In one of my games, a wealthy port town didn't just have everburning torches strewn around town. They lit their streets . . . literally. The pavement stones had light spells cast on them, activating after sunset.

I don't care if it isn't RAW, I like the imagery.

Tempest Fennac
2008-09-17, 09:26 AM
That sounds pretty, Hal (I tend to prefer places at night). How much did that cost ingame? Also, don't forget that, eventually, not needing huge amounts of farm labourers and land would pay off.

JackMage666
2008-09-17, 09:30 AM
That sounds pretty, Hal (I tend to prefer places at night). How much did that cost ingame? Also, don't forget that, eventually, not needing huge amounts of farm labourers and land would pay off.

0 Gp. As in, Rule 0.

You silly economics majors. This is D&D, the only things that need a price is what the PCs get.

Tempest Fennac
2008-09-17, 09:35 AM
For your information, I'm an alternative medicine student.:smalltongue: Being serious, wouldn't it make more sense to try to use real life economics for this sort of thing?

kjones
2008-09-17, 10:18 AM
The problem is that when you try to do so, things break. Think: What would the "fabricate" spell do to an economy? Or teleportation circles? Most people don't like the full-blown implications of such a world, so we ignore them. A world where peasants don't have to work for their food is a very different one, and not one I would set a game in without extensive thought (more than I'm willing to do).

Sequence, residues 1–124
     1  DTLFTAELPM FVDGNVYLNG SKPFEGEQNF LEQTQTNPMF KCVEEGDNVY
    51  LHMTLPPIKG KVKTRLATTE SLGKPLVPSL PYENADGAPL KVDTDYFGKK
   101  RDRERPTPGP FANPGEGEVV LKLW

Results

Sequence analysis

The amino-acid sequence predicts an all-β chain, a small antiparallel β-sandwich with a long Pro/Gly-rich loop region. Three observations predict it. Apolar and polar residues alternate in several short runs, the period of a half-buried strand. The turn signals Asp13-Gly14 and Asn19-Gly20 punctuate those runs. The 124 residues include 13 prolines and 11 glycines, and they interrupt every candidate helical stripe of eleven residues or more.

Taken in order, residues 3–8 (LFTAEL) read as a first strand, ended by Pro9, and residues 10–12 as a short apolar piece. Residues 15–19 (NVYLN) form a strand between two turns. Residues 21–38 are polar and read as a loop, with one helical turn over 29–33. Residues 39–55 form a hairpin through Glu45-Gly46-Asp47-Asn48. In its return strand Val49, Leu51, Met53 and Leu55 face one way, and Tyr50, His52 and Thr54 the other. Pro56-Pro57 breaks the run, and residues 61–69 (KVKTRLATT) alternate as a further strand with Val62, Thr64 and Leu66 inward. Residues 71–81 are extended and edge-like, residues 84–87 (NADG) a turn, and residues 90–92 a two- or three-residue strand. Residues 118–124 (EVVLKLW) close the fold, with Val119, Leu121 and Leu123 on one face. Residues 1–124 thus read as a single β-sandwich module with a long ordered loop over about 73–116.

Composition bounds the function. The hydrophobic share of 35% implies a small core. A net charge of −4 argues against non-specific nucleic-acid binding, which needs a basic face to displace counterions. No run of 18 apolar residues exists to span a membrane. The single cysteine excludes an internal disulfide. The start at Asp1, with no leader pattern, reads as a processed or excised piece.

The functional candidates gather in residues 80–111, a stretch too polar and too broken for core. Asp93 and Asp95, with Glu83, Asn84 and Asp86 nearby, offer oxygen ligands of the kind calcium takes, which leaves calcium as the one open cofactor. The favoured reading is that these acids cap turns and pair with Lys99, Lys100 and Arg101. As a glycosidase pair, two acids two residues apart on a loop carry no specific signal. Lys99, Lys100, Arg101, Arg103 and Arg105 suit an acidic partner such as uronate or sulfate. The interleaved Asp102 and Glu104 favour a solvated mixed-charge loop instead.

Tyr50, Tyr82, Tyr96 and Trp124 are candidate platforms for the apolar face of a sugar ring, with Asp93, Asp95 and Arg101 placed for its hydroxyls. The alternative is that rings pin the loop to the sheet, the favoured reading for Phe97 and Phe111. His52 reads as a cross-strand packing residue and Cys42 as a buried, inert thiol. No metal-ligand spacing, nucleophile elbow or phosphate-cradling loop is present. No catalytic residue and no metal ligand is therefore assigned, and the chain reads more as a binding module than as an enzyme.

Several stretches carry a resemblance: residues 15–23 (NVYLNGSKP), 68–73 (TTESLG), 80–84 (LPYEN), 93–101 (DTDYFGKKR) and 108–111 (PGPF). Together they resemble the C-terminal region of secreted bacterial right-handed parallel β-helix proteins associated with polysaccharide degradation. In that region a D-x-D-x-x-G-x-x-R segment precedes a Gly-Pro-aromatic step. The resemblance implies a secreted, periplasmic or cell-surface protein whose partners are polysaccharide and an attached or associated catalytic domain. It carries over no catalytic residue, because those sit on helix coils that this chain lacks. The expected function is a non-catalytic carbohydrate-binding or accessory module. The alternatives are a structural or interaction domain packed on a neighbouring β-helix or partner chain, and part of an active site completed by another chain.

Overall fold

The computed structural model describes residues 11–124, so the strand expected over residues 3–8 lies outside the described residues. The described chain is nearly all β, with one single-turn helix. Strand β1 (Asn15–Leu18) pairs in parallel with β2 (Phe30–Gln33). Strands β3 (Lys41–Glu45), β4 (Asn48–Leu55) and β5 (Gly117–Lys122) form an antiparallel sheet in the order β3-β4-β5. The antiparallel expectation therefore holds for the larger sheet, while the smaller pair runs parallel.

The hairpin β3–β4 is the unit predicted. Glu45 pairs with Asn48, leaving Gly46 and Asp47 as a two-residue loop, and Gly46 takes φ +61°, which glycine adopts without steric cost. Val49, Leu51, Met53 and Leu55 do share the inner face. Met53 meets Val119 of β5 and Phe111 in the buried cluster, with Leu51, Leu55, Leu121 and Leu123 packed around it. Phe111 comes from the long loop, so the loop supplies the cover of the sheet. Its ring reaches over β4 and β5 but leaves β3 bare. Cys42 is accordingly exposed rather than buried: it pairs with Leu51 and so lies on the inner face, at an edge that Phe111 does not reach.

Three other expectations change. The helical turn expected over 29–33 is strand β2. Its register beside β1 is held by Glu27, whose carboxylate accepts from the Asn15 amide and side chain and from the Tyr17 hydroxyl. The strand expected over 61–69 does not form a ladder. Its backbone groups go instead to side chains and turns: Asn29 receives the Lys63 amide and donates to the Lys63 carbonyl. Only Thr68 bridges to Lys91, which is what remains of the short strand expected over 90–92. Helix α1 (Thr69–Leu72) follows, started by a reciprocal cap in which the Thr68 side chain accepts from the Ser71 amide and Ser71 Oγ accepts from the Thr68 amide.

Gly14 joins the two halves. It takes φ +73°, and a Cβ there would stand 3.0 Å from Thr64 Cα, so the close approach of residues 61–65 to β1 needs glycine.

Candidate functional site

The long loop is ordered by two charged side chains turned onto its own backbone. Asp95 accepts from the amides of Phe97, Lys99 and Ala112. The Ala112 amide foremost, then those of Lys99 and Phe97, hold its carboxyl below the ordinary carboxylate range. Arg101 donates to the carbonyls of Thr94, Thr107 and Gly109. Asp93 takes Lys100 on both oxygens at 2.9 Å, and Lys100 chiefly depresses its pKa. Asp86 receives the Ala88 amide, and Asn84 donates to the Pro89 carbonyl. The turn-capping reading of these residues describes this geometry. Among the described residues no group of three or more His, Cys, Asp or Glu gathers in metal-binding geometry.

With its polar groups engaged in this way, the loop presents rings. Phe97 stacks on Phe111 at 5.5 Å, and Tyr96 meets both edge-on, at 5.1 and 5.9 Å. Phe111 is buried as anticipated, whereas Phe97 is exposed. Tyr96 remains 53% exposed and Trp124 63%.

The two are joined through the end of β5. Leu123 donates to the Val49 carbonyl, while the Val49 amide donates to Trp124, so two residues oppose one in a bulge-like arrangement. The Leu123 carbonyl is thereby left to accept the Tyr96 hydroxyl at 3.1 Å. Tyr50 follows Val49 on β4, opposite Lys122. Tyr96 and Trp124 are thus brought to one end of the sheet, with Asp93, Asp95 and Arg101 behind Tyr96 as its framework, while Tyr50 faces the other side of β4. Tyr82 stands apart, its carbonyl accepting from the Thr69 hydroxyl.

Tempest Fennac
2008-09-17, 10:27 AM
That is a good point. I just thought that seemed more realistic ina high magic world where rich Good aligned people would possibly be quite common (admittedly, evil people could do things like that if it helped them as well).

DeathQuaker
2008-09-17, 10:46 AM
Didn't you know? Anytime you try to build a trap not for the purpose of delaying/destroying meddlesome adventurers, the Tarrasque appears out of nowhere and bites your head off.

Or, if you're unlucky, it chooses you to be its next mate.

:smallbiggrin:

Person_Man
2008-09-17, 10:57 AM
Yes, but it is a capital investment. And a massive one. In comparison to the US a 15% outlay would be something that cost the US 2 trillion dollars.

The GDP for the US, the richest country in the world, is around $13 trillion. The annual spending for the US Federal government is just under $3 trillion. Total spending for all state and local governments is another $100 billion or so. So the government basically spends around 25% of national wealth every year. So paying for everyone to have an Create Food and Water machines for everyone would end hunger, but take up the same amount of money as the annual expenditures for defense, Social Security, and Medicare combined. A much better idea would be just to sell them, and supplement them with soup kitchens for free to the poor.

Of course if magic did exist, it would completely screw with all economic laws. Which is why they don't bother with going into the details. D&D is a combat and roleplaying game, not a financial management simulator.

Hal
2008-09-17, 11:18 AM
0 Gp. As in, Rule 0.

You silly economics majors. This is D&D, the only things that need a price is what the PCs get.

Quoted for truth. I just assumed that it was a rich port town with lots of wealthy merchants and city leaders. The result was that the large number of wealthy elite in the town decided to make it a nice place to live. The players didn't argue. You can let wealthy NPCs exploit things like this (to a degree)